Friday May 7, 2021
Editorial Cartoon by Graeme MacKay, The Hamilton Spectator – Friday May 7, 2021
The Political Blame Game
For months now, Prime Minister Justin Trudeau has blamed everyone for Canada’s trickle of COVID-19 vaccines but himself.
Trudeau and his ministers have gone so far as to blame former Progressive Conservative prime minister Brian Mulroney — who was prime minister from 1984 to 1993 — for the privatization, or “the selling off“, of Connaught Laboratories. What he fails to mention is that Connaught Labs didn’t go anywhere. It’s now part of Sanofi Pasteur, the world’s largest manufacturer of vaccines. The Connaught Campus in Toronto accounts for one-fifth of the company’s global vaccine sales.
Experts in Canada’s innovative pharmaceutical industry — as opposed to the generic pharmaceutical industry — say Trudeau’s attempt to pin the blame on Mulroney or a more recent Conservative prime minister, Stephen Harper, is ironic, because were it not for Mulroney, the innovative industry likely wouldn’t exist here at all.
Paul Lucas, who was president and CEO of GlaxoSmithKline Canada from 1994 to 2012, started speaking out and wrote an opinion piece in the Financial Post after he heard federal Liberal Minister of Intergovernmental Affairs Dominic LeBlanc being interviewed on CTV’s Power Play with Evan Solomon, saying that GlaxoSmithKline had closed its manufacturing facility for vaccines during Harper’s Conservative government, which is false.
“This facility didn’t close, it’s still producing most of the flu vaccine for Canada on an annual basis,” Lucas said during a recent telephone interview.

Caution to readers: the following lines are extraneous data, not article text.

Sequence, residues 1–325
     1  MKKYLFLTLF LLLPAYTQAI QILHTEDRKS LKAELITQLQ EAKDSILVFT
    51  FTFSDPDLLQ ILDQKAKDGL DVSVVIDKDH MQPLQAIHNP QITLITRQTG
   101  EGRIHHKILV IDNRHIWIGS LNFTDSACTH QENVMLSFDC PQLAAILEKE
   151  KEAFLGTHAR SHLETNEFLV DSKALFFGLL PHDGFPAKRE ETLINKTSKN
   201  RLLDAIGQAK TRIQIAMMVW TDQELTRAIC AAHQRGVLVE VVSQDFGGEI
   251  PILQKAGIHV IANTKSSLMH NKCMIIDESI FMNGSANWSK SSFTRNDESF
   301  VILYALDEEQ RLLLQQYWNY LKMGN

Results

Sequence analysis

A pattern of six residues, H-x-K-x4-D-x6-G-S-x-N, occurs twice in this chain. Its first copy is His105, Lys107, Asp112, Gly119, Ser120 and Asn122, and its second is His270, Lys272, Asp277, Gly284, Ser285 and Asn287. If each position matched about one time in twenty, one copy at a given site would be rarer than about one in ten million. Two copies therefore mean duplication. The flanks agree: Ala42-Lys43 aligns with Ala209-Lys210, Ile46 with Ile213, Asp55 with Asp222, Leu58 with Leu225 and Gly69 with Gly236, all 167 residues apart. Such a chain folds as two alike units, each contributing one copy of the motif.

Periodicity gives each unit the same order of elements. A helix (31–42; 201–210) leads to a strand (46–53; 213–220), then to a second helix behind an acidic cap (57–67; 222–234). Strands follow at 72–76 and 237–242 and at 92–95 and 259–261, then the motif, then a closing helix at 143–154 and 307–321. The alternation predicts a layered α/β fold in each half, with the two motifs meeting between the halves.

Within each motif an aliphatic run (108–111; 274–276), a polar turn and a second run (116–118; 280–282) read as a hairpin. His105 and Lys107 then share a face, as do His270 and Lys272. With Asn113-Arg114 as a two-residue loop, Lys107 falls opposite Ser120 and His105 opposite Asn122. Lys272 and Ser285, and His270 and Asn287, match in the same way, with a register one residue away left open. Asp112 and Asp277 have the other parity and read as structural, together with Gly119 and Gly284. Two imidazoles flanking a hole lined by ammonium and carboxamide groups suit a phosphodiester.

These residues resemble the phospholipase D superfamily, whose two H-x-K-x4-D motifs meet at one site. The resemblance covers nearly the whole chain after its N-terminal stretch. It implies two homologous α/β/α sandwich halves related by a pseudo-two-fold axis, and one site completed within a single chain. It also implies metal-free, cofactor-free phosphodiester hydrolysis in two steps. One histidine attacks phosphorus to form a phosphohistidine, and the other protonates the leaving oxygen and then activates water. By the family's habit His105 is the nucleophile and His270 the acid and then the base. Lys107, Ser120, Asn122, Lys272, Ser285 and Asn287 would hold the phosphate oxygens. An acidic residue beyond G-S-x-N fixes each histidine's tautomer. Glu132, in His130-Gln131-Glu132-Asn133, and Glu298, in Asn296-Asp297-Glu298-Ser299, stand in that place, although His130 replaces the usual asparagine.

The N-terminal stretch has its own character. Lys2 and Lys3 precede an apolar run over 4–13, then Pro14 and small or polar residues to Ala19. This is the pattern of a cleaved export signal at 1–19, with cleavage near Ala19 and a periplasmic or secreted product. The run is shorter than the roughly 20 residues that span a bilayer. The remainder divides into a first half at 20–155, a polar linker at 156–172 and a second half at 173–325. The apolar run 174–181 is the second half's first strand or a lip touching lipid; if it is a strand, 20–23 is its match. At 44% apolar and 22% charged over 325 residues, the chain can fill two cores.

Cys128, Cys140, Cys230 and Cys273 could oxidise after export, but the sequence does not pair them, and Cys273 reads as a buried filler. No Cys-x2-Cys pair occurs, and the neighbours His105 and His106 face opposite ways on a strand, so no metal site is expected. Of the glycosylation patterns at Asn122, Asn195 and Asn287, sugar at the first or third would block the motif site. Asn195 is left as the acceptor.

“I’ve been very concerned and frankly upset about the lies that are coming from the federal government about this whole (COVID vaccine) file,” says Lucas, who was integral to the production and distribution of the Canadian vaccine for the H1N1 pandemic in 2009. All of the vaccine for that outbreak was produced in the GSK factory in Quebec City.
“Trudeau has badly botched Canada’s COVID-19 vaccine procurement,” states Lucas.
“First, he blamed Harper for his own failings. Then he blamed Mulroney and then he blamed the provinces. Then he actually turned on his own vaccine task force. He blamed them for about a day or two. Then he blamed the companies — Pfizer for delaying the delivery of its vaccines in January,” explains Lucas. (Calgary Herald)
Meanwhile, Ontario Minister of Long-term Care Merrilee Fullerton faced a call from the Opposition to resign her cabinet post on Tuesday, in the wake of two reports that reviewed her ministry’s handling of the COVID-19 pandemic.
In recent days, Fullerton has been pressed to explicitly acknowledge whether she feels she shares any responsibility for the more than 3,700 deaths of long-term care residents with COVID-19 in Ontario.
During question period Tuesday, NDP Leader Andrea Horwath asked when Fullerton was made aware that some residents had died of dehydration or basic neglect, which led a tense exchange between the two.
“The premise of your question is bordering on obscene,” Fullerton said. “And the reason why is because all of the ministry, public health, medical officers of health, thousands of people have been working to shore up these homes and they were no match for COVID-19.”
Fullerton said that some long-term care homes became “warzones” within days of the first confirmed cases among residents and staff.
“What we were doing 24 hours a day was trying to get support to those homes, with an unknown virus that wasn’t fully understood and a shortage of supplies globally,” she added.
Fullerton then said the NDP had failed to pressure the previous Liberal government into fixing Ontario’s beleaguered long-term care sector.
“Look at your failure. I was left to pick up the pieces from a devastating 15 years of neglect,” she said. “I will not be spoken to that way by the leader of the opposition that neglected this sector.”
Auditor General Bonnie Lysyk and the Ontario Long-term Care COVID-19 Commission both released their respective reports last week. While the probes examined different aspects of COVID-19’s impact on the long-term care sector, they reached similar conclusions: the ministry was not prepared for a pandemic, in part due to years of inaction to prevent a crisis. (CBC)